Do “I” have questions for you!?! Heck, yes! I’ve been preparing for this interview for all of my life, or at least for about thirteen seconds before walking in the door! I do have some questions!

What question can an interviewee ask that will totally turn you off? 

There are probably a lot. We covered one a few weeks back in terms of asking about money, which is a big turn-off for a lot of interviewers. But one question came up and I wanted to crowdsource some results! Here’s the question:

“So, Mrs. Interviewer, can you tell me how I stack up against my competition?” (The other candidates who are also interviewing)

Hmmm….

I’ve got some feels on this:

  1. Gutsy. It could definitely blow-up on you in a hurry! Might be an immediate turn-off, and I’m not sure it would ever be a real turn-on.
  2. It does allow you to redirect the conversation back to strengths if your competition has some things they like over you. “Well, let me tell you a little more about how I also bring this to the table…”
  3. Most Hiring Managers will politely decline to talk about other people interviewing, maybe chuckle a little at the question, it’s a bit old school, so the older the people in the room, probably more likely to get a positive response.
  4. It’s aggressive, so if the role is a position where aggressiveness is a trait that is desired, it might be worth a shot.

I think there might be a better way to ask the same question, but use different wording to engage the conversation:

“What have you seen, by others interviewing, that you really liked about what they would bring to this position? Or, was there something you were hoping to hear from me, or others interviewing, that you’re not hearing?”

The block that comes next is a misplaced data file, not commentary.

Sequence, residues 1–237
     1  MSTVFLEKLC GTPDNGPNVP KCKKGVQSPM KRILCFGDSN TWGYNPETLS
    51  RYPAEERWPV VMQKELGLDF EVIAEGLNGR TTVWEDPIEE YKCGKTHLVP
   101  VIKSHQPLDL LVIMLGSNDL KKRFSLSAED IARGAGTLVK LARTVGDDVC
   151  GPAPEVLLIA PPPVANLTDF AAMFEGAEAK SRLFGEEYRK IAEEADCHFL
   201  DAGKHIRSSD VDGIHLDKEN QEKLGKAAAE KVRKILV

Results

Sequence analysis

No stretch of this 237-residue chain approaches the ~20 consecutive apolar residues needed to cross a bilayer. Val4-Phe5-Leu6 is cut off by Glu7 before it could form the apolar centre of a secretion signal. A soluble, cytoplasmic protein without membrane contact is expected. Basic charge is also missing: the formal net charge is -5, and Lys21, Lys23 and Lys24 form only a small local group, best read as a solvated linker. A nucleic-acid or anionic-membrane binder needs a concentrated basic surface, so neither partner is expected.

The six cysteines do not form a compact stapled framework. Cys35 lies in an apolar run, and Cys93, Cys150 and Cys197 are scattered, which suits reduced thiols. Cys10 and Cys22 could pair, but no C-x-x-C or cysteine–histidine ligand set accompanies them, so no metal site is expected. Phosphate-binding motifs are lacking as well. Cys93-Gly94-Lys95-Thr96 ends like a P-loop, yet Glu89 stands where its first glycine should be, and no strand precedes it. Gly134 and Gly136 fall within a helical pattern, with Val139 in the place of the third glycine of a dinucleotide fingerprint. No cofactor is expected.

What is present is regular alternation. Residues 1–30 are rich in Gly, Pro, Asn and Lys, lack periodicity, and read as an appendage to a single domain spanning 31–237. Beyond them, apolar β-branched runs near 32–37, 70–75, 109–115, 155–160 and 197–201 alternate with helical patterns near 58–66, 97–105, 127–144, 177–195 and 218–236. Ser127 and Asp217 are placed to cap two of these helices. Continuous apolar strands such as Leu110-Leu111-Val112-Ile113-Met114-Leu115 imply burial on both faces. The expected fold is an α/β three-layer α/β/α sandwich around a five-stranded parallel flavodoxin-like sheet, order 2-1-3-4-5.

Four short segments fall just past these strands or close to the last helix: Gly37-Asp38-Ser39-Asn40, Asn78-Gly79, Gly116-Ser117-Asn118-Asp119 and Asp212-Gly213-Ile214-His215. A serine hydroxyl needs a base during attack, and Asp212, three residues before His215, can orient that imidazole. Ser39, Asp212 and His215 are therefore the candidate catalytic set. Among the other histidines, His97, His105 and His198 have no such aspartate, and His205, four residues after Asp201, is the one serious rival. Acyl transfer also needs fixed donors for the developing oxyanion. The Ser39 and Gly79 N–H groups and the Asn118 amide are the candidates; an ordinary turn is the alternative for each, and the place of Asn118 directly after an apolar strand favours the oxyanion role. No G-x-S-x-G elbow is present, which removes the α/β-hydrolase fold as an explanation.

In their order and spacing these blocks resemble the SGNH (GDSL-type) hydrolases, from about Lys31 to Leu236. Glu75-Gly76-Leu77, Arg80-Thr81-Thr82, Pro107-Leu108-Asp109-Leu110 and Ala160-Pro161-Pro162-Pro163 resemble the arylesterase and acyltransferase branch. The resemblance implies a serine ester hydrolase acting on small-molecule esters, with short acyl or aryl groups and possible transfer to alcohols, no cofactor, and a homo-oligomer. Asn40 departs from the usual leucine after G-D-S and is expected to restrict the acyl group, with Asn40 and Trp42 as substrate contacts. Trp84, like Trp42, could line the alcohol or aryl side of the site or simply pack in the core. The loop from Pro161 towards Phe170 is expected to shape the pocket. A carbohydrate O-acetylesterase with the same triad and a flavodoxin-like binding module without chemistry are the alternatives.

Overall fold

This now takes it off the personal comparison of one candidate to another, and back to what the hiring manager is really looking for. Which again, allows you to redirect to your strengths, or minimize a weakness.

What say you TA and HR Pros? Hiring Managers? Does this question turn you off? If not, is there a question that would turn you off on a candidate?

Hit me in the comments!

From Great to Crap is Mostly a Management Failure

Can we all agree that we hire someone our thoughts are that this new hire can only get better. We think this person will be great when we hire them, and we expect them to only get better. Is this true? Or do you feel when you make an offer to a new hire this person will be a piece of crap you’ll one day fire?

If this is the case, when an employee turns into garbage we must accept the fact this it is mostly our doing as leaders. Somewhere along the line, we failed this person. We hired potential to be great and we did not help this person reach their greatness.

Where do we fail as leaders when someone goes from Great to Crap? 

– We failed to truly assess this person before we hired them. We thought we were hiring great, but we didn’t do enough due diligence to truly understand this person’s skills and motivations.

– We failed to onboard this employee thoroughly to set them on a path for success. To prepare them for our culture and norms.

– We failed to train and develop this person in a way that would assist them on their path of success within our organization. To give them the skills needed to succeed in their role.

– We failed to define, accurately and clearly, what a ‘great’ performance looked like in our organization and in this role.

– We failed to lead them to a performance that would guarantee their success. We allowed their performance to slip into negative territory and not help pull them out of it.

As a leader, we fail our people constantly. Should we talk about how employees fail us? We could, that’s what we usually do. We find every excuse in the world to tell ourselves how a great person turned into a piece of crap when the common denominator was our leadership. It’s not us, it has to them.